US election 2020: Can Democrats take Texas and Florida?

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Texas and Florida make up two of the most coveted prizes on the US electoral map thanks to their Electoral College worth. Combined, they represent 67 of the total 538 Electoral College votes, 270 of which a candidate needs to claim victory today. Both states traditionally lean Republican, but Joe Biden’s onslaught this year has considerably narrowed the competition.

Can Democrats take Texas?

Texas is a historically red state, with a significant concentration of conservative voters.

In 2016, Donald Trump and Mike Pence won the Electoral college by nine points and nearly one million votes.

But the picture seems very different in 2020, as analysts have reassigned the state’s status from Republican-leaning to “toss-up” thanks to early voting.

The term suggests either Mr Biden or Mr Trump could take the state, with both on chances of 48.1 percent as of this morning.

James Henson, director of the Texas Politics Project, told the Atlantic voter turnout, which traditionally benefits Democrats, could decide the race in the Lone Star State.

He said: “The raw numbers in Texas, and the year-to-year or the election-to-election increase [in voter turnout] is really, you know, fairly stunning.

“Texas is competitive this year, and it’s much more competitive than we’ve seen for 20 years.”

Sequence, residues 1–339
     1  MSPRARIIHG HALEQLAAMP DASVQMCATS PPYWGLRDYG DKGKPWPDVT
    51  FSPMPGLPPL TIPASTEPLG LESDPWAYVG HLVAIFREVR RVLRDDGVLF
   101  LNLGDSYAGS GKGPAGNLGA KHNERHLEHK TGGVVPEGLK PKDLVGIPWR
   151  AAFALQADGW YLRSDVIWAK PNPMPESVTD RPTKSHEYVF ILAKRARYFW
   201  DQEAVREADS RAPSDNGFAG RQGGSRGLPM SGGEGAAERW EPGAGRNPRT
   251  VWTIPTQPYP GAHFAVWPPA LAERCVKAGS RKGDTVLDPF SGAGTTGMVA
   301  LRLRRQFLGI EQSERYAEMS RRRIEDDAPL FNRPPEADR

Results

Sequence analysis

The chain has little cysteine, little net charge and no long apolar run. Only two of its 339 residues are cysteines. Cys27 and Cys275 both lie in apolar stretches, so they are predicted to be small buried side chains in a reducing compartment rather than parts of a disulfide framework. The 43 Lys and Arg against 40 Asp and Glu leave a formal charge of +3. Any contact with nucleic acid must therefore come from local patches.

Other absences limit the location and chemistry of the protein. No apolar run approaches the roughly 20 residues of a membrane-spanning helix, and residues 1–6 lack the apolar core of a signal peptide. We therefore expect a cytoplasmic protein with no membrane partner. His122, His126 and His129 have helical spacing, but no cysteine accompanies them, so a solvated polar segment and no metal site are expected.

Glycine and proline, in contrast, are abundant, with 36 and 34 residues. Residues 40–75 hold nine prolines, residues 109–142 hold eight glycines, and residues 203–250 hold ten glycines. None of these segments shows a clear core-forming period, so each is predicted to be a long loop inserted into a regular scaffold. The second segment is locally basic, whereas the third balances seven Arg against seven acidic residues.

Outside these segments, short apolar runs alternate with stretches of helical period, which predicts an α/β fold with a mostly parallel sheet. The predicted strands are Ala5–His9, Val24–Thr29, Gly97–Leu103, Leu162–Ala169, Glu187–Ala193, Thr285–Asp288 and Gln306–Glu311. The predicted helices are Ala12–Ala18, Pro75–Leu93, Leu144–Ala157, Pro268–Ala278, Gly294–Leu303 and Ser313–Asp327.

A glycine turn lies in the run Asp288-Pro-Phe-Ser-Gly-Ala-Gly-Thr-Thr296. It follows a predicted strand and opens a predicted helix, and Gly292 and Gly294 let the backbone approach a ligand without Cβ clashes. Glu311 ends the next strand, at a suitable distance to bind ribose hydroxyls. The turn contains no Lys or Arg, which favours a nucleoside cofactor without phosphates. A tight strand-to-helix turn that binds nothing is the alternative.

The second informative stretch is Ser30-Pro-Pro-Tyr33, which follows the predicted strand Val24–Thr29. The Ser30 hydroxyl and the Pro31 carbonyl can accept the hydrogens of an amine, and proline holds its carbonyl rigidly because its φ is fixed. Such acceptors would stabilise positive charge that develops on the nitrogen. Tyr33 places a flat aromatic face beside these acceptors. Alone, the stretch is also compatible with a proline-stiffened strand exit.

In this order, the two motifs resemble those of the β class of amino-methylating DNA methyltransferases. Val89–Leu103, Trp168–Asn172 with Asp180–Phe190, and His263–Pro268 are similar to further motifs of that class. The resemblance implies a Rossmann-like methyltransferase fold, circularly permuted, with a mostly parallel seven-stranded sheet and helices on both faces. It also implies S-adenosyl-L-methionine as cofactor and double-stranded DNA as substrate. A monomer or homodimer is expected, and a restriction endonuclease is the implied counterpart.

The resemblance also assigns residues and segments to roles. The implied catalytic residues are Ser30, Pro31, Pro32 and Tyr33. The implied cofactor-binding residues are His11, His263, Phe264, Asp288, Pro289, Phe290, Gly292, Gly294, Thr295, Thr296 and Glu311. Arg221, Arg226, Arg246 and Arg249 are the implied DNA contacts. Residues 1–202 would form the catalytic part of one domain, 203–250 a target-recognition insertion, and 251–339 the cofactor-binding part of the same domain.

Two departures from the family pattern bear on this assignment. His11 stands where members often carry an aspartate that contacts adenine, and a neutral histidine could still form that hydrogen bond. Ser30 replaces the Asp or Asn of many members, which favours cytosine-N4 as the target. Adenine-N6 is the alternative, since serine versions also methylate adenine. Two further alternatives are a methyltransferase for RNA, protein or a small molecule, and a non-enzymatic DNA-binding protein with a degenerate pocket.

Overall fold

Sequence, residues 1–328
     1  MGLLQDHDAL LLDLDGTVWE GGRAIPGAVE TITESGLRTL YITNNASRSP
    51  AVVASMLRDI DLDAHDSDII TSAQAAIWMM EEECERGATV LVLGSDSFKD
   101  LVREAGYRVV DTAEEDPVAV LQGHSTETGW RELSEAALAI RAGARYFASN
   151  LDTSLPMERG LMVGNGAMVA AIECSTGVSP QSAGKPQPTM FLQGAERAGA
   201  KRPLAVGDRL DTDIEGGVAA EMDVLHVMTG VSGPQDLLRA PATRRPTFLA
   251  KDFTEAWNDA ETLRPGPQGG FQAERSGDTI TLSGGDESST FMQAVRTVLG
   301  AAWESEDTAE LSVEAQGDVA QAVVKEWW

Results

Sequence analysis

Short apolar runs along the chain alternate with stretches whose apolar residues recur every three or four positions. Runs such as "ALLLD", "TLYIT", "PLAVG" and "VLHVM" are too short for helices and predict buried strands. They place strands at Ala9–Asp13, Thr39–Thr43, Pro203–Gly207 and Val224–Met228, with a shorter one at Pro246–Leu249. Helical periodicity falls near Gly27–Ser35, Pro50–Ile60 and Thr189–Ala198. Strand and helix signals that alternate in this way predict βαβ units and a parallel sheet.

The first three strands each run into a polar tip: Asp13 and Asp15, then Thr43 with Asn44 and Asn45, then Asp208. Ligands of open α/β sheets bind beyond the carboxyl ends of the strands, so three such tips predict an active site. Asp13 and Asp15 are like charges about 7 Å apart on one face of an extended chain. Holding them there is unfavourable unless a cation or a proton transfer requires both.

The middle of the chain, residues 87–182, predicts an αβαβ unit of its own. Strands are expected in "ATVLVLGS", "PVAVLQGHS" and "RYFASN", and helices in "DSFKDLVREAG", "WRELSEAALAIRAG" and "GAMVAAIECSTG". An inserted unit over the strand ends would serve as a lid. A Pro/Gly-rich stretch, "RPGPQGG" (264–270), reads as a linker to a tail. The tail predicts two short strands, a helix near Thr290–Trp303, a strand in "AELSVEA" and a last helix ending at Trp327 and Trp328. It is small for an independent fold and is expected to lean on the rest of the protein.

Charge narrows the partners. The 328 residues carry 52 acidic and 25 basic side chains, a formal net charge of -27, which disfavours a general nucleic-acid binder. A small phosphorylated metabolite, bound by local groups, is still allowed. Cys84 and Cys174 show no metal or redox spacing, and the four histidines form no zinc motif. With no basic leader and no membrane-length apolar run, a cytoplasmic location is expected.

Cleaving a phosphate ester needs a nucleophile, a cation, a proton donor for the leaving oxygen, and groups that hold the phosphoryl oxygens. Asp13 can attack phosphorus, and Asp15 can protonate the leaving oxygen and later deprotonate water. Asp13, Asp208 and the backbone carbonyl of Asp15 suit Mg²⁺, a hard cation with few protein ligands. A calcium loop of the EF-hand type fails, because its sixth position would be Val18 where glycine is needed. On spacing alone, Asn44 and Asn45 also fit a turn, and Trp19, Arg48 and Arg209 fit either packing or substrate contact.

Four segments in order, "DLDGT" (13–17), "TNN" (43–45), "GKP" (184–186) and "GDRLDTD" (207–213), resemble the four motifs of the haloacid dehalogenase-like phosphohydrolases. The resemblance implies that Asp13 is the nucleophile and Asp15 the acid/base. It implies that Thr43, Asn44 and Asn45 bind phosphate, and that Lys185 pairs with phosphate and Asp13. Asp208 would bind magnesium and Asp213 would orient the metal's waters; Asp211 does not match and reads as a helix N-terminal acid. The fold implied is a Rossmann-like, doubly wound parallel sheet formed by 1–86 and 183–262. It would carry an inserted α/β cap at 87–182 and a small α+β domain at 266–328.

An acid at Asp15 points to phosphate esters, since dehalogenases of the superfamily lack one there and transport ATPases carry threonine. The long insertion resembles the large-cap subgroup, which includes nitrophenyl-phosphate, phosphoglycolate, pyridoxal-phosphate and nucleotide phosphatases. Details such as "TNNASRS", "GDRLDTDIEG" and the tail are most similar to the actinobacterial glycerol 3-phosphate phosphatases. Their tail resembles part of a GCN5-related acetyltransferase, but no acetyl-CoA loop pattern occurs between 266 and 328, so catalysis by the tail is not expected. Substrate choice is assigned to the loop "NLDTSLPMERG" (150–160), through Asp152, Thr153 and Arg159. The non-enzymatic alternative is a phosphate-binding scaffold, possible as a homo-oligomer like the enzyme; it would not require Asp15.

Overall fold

Although hopes are high, they remain hopes only, as a win currently seems difficult to call, but Mr Biden doesn’t need it to beat Mr Trump.

Can Democrats take Florida?

A state he may need, however, is Florida, an infamous swing worth as many Electoral College votes as New York.

Florida’s 29 votes fluctuate between Democrat and Republican, making it a potential decider for most elections.

High-quality polling makes it nearly a dead heat, but not in quite the same way as Texas, with Mr Biden currently ahead.

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The former VP leads the President by three to six points, indicating a shaky advantage.

Analysts state a lead such as this is often shaky, and an error in the polls could see Mr Biden’s advantage crumble.

Florida surveys from 2016 overestimated Hillary Clinton’s support in the state, and the same could happen again in 2020.

But Mr Trump relied on late voters back then, and pollsters have identified them as a shrinking population.

Only two percent of voters said they hasn’t made up their mind yet when polled this month.

Turnout will be key here again, with early indications of a swell in local voters for 2020.

Democrats have a real advantage in the state when it comes to mail-in ballots, which most people said they would vote with this year.

The Monmouth and Quinnipiac polls found only 17 percent of Floridians said they would vote on the day, leaving a potentially concerning situation for Republicans.

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